Tuesday, November 25, 2008

What I learned from Romance Novels


I love to read - always have. I have the gift of being able to read super fast. Mom wasn't much into taking me to the library to borrow books - that was too much trouble. So what she did is pick up books for me at the flea market. She went there almost every weekend. Romance novels were the cheapest. You could get them 4 or 5 for $1.00. Forget about the fact that I was 10 and probably didn't need to read romance novels. Mom saw them as a cheap way to satisfy my love of reading.

So what did I learn from Harlequin?

No doesn't mean No. In most books the male hero sweeps the heroine off her feet. He kisses her - sometimes to punish her, sometimes angrily. She resists, at first. He continues on and eventually woos her into submission. Then she is overcome by passion and falls into his arms.

I didn't used to be bothered by this. However, it has really begun to irk me. I even stopped reading romance novels for many years. However, after Baby was born, I was looking for quick, easy, mindless reads and so I picked up a few at the library. They haven't changed.

On Oprah a few weeks ago, they had a sex therapist that talked about fantasies. Apparently the number one fantasy by women according to surveys ---- who exactly gets surveyed anyway? I've never been surveyed. But alas, I digress ---- the number one fantasy is of being dominated. The therapist stated that this fantasy is the reason for the way so many romance novels are written. Warrior comes in and sweeps the damsel off her feet, while fighting to protect her honor.

Huh? Really? I never wanted that. I wanted a strong man who would care for me. But I also wanted the kind, compassionate, gentle giant.

I have to wonder how many young girls read these books and think that they are supposed to be overpowered by men. That "No" is something you are supposed to say because every "good little girl" says it. But you are not supposed to mean it. You're supposed to half-heartedly resist and then give in.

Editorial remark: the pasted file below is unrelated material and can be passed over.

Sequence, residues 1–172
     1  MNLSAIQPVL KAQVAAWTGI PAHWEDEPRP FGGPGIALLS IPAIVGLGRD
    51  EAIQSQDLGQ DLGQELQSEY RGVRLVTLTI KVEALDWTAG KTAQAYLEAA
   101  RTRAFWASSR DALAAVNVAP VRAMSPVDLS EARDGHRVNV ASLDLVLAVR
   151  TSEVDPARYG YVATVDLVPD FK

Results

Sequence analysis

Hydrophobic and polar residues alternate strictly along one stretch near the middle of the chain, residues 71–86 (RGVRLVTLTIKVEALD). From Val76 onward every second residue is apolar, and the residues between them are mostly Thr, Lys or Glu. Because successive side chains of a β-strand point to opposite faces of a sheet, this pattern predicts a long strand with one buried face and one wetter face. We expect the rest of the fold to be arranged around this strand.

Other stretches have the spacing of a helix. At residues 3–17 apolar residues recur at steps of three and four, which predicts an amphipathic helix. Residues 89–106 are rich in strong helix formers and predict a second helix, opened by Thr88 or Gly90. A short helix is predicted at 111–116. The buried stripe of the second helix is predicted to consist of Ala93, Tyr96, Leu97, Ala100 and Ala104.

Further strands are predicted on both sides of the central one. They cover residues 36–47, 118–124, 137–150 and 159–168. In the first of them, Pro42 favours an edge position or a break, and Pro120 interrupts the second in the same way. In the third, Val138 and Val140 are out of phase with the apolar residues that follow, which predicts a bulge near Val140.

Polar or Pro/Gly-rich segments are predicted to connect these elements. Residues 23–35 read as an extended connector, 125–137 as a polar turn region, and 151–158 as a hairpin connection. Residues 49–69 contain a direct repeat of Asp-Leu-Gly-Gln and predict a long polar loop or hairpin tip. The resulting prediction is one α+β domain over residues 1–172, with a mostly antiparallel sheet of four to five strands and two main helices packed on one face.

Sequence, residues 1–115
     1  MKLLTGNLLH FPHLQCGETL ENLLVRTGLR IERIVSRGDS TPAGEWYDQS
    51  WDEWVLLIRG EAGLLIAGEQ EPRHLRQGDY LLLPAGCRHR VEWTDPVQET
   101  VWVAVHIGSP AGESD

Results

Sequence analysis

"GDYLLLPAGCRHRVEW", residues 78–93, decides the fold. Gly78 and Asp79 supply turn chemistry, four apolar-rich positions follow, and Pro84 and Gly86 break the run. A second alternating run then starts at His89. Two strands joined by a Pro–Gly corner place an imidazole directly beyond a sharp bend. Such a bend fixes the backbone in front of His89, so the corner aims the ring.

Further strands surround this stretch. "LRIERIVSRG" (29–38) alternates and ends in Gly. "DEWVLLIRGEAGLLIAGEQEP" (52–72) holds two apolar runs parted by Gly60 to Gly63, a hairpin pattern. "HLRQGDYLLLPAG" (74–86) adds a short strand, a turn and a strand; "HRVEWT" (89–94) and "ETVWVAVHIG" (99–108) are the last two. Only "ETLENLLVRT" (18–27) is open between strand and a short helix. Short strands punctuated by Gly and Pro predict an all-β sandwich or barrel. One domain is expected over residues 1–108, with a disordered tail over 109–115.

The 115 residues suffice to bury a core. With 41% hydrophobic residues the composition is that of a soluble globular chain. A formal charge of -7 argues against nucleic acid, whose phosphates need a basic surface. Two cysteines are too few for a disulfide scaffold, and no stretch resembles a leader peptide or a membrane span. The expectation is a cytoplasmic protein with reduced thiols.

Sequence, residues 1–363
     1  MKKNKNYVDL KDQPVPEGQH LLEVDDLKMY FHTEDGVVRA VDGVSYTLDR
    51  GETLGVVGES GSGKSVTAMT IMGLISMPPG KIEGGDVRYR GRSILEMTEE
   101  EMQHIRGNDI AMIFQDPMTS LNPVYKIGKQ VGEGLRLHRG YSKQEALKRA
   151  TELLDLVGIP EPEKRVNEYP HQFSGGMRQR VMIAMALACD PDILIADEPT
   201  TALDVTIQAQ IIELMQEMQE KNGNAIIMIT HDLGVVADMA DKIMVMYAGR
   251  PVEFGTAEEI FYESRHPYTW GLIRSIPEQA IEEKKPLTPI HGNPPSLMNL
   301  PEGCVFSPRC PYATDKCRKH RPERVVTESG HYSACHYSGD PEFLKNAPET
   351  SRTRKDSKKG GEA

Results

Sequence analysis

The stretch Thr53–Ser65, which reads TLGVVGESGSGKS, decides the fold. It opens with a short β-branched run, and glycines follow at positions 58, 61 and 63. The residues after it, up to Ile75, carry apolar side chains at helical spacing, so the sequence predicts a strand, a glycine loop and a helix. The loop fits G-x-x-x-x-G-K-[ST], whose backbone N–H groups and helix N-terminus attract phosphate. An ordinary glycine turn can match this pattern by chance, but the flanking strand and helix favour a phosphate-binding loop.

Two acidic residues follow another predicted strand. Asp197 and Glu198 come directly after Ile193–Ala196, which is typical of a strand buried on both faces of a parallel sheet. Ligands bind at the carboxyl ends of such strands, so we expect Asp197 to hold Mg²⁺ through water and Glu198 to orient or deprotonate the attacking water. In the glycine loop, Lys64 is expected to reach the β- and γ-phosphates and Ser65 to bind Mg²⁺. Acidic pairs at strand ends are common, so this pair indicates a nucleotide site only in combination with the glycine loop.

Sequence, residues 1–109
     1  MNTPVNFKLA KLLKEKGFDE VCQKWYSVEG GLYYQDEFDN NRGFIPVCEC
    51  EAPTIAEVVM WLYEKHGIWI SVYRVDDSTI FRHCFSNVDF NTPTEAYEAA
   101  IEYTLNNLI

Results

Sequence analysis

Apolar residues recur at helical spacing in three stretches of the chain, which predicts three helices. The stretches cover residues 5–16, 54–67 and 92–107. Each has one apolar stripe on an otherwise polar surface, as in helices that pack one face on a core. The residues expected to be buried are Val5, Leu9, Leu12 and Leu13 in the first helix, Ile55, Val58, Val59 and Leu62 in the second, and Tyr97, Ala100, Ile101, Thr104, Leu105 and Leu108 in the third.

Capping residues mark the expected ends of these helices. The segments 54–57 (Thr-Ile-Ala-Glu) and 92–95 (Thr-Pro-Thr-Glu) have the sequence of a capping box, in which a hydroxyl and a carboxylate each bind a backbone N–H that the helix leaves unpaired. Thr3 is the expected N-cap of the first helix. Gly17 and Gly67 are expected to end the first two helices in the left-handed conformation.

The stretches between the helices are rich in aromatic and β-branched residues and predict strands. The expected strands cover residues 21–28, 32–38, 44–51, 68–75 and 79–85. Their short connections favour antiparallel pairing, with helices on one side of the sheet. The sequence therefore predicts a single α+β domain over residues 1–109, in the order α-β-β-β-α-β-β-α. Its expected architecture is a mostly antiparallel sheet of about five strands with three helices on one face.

I even wonder what ideas men get from these books. Don't think men don't read them. In college, I hung out with a mixed group of friends. The guys were known to have Cosmopolitan magazines around. I asked why and they explained that there was usually an excerpt from a steamy sex novel. Late at night after a few drinks of the "adult persuasion" some of the guys and girls would read from Cosmo or other romance novels - just the explicit scenes of course (I never did that - even then I had trouble saying certain words aloud). I have to wonder what signals the males picked up and what lessons they learned. Did they think that if a female said "No," that they should just keep going and she'd change her mind?

I had to put down a book this week. The woman said No. He kissed her anyway. She struggled, kicking. He picked her up and continued to kiss her. It made me mad. No means No means No means STOP right there. Not continue in hopes that the woman changes her mind.

And hence, I've quit reading these types of books again. And why my daughter will not read them while living under my roof.

8 comments:

beauty said...

I've always hated romance novels. An avid reader, I've been teased often over the years by people (usually men, and usually non-reading men) about my love for those type of books. For some reason, a lot of men think if you read a lot that's the type of stuff you go for.